On the Mediterranean coast west of Montpelier, lives the greatest French Iris amateur, M. Ferdinand Denis. He has been conducting breeding experiments for many years, and was the first to use the species Ricardi, which has given his seedlings great size and height in his climate, but some of them unfortunately are not so well adapted to northern climates. Among his varieties introduced during the past five years are Mlle. Schwartz, Mme. Claude Monet, Mme. Durande and Mme. Boullet. Troost and Dalila are older, and are now listed in American catalogues.

In England since 1900 even greater progress has been made. There the late Sir Michael Foster, of Cambridge, is considered the father of the modern Iris. By crossing Oncocyclus species with bearded Irises he gave us the famous Dilkash, Parvar, Shirin and others which flourish in England, but which have not proved complete successes in America. Among Apogons he gave us many varieties of Spuria and Monspur. But to Americans his greatest achievement appears to be the fact that he was the pioneer in the use of the species Trojana. From this species Caterina, Crusader, Lady Foster, and Shelford Chieftan inherit their height, size, and their graceful stems. These were introduced before 1913. Older varieties are Mrs. C. Darwin, Mrs. H. Darwin, and Mrs. Allan Gray. The last named variety contains blood of the species Cengialti, which apparently had not been used before this. All the Foster varieties were introduced by R. W. Wallace 8: Co. of Colchester, who are today the leading Iris specialists of the world.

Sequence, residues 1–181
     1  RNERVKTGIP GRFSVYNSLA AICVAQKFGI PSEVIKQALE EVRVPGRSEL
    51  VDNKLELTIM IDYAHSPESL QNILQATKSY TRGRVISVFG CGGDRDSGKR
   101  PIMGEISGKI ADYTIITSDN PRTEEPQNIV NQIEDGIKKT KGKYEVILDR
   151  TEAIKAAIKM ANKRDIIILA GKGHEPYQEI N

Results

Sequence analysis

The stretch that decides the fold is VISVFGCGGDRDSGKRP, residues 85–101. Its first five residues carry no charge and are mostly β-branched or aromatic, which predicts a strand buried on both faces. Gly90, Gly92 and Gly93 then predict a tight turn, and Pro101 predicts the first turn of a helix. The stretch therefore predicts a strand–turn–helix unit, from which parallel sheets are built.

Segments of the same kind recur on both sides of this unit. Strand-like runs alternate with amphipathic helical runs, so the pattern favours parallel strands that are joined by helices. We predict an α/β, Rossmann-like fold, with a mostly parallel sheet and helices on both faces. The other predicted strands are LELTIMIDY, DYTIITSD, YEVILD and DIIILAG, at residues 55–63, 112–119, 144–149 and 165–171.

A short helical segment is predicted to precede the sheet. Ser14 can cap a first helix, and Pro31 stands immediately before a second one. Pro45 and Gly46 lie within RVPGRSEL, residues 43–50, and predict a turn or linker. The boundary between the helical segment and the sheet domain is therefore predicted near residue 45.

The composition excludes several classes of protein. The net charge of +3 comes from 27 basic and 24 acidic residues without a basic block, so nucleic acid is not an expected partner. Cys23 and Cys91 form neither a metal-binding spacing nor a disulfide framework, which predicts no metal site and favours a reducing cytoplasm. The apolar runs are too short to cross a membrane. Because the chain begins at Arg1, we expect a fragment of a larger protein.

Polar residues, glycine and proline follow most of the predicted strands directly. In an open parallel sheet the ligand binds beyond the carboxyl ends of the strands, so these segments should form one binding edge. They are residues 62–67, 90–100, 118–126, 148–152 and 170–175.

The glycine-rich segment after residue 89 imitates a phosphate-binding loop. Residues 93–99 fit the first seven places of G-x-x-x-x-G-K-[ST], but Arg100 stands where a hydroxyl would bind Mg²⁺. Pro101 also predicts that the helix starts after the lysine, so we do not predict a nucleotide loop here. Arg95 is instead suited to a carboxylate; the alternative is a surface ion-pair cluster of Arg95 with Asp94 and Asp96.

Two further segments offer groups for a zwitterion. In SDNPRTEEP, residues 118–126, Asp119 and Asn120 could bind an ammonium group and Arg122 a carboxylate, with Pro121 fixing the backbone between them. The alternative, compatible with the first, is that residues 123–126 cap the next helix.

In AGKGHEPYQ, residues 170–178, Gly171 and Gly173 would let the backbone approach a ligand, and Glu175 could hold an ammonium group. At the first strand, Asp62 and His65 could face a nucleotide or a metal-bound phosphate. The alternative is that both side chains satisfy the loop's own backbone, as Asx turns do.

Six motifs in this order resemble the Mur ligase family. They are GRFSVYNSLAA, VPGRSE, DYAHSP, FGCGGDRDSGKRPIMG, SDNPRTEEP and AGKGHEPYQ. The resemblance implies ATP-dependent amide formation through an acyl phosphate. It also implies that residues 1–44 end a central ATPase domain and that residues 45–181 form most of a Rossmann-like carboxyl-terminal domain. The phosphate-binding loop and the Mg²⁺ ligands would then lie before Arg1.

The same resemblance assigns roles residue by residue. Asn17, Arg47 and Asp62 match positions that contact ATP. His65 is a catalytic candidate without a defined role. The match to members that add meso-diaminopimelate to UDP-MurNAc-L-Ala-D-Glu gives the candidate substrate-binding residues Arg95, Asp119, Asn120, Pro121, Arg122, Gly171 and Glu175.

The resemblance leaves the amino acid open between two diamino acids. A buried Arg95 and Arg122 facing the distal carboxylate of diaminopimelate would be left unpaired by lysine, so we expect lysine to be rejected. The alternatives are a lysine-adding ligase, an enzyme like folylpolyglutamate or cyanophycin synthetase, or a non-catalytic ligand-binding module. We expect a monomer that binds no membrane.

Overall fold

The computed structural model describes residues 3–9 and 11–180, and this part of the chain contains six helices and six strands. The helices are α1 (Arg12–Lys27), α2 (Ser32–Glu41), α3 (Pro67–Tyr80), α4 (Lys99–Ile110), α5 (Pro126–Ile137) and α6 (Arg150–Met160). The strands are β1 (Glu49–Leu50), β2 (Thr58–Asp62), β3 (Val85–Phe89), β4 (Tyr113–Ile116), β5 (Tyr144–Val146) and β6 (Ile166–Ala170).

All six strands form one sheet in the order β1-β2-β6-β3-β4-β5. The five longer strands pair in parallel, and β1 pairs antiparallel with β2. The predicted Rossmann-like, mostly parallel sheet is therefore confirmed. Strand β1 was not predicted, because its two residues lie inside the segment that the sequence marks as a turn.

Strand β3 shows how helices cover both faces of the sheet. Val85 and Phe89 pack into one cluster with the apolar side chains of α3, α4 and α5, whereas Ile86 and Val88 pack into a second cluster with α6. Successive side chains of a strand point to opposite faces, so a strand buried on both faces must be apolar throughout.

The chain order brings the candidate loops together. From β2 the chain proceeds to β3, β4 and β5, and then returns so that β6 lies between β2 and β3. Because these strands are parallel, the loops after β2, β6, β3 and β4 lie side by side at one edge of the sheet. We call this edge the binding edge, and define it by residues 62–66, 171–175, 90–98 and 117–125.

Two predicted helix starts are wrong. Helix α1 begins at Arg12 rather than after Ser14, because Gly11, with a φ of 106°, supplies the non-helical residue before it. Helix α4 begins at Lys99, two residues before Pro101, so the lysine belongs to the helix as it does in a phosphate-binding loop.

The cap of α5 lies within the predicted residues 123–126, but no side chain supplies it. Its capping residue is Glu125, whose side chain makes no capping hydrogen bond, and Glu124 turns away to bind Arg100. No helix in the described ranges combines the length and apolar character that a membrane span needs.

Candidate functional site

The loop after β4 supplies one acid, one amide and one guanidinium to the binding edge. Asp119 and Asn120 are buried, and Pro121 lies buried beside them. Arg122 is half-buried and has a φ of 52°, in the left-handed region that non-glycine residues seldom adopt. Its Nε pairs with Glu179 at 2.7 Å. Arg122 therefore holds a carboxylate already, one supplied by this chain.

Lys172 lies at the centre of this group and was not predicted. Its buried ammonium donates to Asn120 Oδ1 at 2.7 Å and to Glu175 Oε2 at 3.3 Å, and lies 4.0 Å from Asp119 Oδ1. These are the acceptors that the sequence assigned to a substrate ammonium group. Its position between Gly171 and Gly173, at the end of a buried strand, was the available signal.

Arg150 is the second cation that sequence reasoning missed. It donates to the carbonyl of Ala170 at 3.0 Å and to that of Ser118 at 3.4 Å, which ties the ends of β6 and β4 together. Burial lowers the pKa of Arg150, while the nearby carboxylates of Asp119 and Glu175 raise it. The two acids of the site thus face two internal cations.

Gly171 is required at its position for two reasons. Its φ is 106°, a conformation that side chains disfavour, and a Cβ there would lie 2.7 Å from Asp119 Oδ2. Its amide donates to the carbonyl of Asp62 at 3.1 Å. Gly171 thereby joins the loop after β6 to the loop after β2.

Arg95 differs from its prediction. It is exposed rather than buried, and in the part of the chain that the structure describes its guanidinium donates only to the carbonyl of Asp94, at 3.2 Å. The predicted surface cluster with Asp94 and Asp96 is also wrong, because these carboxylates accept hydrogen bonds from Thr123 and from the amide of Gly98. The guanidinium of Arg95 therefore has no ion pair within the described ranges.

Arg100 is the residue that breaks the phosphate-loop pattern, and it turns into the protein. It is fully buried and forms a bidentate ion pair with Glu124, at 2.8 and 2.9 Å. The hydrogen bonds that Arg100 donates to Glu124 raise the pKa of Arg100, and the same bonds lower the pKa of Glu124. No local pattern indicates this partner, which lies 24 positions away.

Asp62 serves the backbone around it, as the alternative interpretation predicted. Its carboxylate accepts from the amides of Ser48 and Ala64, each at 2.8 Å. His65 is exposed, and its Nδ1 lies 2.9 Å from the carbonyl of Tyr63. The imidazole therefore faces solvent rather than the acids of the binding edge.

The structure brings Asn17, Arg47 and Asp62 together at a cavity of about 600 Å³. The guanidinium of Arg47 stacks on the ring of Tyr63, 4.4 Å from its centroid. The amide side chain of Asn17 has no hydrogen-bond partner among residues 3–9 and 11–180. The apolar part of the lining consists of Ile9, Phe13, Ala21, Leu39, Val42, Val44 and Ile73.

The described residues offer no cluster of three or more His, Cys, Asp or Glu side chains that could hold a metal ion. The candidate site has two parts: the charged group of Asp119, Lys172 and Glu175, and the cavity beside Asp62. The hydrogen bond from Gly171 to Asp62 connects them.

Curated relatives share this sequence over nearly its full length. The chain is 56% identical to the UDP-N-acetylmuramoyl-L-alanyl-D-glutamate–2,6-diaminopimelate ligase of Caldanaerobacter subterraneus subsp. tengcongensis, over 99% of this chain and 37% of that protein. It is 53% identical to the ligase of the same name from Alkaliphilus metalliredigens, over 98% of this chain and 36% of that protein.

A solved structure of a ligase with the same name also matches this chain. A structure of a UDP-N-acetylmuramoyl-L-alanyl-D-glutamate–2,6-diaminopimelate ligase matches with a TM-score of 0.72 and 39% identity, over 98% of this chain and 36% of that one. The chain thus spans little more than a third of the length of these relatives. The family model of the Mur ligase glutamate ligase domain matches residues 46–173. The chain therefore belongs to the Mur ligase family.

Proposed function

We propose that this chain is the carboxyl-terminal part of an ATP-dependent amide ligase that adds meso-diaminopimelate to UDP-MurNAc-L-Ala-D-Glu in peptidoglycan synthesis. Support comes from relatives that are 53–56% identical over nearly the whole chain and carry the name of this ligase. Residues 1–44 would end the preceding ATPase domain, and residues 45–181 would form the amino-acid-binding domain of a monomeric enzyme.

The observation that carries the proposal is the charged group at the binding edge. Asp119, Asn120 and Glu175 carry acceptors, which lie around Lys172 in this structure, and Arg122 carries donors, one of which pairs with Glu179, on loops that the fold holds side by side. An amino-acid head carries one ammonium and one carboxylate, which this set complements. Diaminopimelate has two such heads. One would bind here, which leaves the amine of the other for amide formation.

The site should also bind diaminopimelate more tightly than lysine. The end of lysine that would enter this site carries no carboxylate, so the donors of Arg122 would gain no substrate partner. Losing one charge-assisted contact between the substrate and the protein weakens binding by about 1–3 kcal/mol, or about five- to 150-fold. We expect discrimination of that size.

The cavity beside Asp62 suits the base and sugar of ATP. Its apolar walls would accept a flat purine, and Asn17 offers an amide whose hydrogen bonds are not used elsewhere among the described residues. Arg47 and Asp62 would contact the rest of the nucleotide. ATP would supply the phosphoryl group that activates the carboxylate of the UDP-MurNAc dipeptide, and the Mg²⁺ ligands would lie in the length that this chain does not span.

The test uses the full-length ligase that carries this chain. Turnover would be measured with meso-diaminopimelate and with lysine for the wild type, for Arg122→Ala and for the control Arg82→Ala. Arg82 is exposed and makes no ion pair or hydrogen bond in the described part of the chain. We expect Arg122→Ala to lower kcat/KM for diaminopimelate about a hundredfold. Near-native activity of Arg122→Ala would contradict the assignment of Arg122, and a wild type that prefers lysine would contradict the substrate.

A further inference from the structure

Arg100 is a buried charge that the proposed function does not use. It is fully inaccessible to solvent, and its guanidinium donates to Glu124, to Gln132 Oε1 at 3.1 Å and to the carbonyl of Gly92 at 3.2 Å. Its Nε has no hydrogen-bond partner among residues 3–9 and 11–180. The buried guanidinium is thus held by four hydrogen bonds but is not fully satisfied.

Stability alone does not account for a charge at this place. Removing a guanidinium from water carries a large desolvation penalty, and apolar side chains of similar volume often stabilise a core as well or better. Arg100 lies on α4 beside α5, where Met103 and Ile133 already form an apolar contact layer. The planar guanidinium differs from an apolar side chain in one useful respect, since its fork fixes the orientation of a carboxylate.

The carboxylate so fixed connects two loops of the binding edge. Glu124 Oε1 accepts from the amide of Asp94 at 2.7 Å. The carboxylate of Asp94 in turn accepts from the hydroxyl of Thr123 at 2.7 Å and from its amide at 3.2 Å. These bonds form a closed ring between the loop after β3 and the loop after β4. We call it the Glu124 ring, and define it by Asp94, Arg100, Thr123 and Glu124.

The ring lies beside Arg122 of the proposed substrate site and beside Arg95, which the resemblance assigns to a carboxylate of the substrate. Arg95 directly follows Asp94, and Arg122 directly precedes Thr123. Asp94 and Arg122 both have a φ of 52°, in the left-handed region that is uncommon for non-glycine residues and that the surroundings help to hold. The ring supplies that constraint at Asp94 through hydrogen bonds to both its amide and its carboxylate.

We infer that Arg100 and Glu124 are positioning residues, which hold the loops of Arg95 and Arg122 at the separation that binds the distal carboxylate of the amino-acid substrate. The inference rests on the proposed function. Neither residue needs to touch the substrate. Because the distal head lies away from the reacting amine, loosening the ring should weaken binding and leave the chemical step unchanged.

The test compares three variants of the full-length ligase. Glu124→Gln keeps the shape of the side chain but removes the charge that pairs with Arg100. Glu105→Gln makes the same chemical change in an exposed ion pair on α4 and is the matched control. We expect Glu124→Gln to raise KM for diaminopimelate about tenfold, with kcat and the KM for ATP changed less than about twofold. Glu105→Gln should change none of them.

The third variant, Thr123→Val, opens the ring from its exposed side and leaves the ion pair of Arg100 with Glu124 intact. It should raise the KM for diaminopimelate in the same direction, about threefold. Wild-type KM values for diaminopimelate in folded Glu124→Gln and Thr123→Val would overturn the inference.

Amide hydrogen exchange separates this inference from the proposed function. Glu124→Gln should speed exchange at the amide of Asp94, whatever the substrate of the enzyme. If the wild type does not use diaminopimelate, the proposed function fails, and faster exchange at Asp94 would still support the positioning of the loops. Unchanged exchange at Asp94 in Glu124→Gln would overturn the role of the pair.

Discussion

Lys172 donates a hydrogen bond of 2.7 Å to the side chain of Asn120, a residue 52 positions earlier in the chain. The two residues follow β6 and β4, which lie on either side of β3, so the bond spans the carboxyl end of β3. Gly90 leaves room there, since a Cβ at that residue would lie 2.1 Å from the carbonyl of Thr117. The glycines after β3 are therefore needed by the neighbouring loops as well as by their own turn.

Since 1900 also, Amos Perry, best known as a specialist in Rock Plants, has given us some fine Dwarf Bearded varieties, and also some late blooming varieties among which are HerMajesty, the famous Black Prince (often wrongly called Black Knight), and more lately some Cengialti seedlings, and also some fine Siberica varieties. Wallace has introduced also a number of seedlings Of Mr. Yeld. Of York, among which are Dawn, Neptune, and Lord of june. All the Yeld varieties are exceptionally vigorous and strong growing. Wallace has introduced this year the first of the seedlings of Sir Arthur Hort, another amateur who has obtained extreme size in some of his Tro jana crosses. Mr. W. R. Dykes, his great book completed, has turned his attention to breeding as a means of discovering the parentage of some of our older varieties rather than the creation of improved new forms. Two of his seedlings, however, have already become popular in England, namely, Goldcrest (not the variegated variety of that name) and Richard II. It was Mr. Dykes who, 20 years ago, induced A. J. Bliss to take up Iris breeding in a scientific way, for scientific purposes and thus unwittingly gave to the Iris world its greatest breeder. For the three score and ten varieties that Mr. Bliss has saved from the more than ten thousand seedlings he has raised, represent a greater advance in the Iris asa garden flower than all the other Iris breeders up to the present time have given us.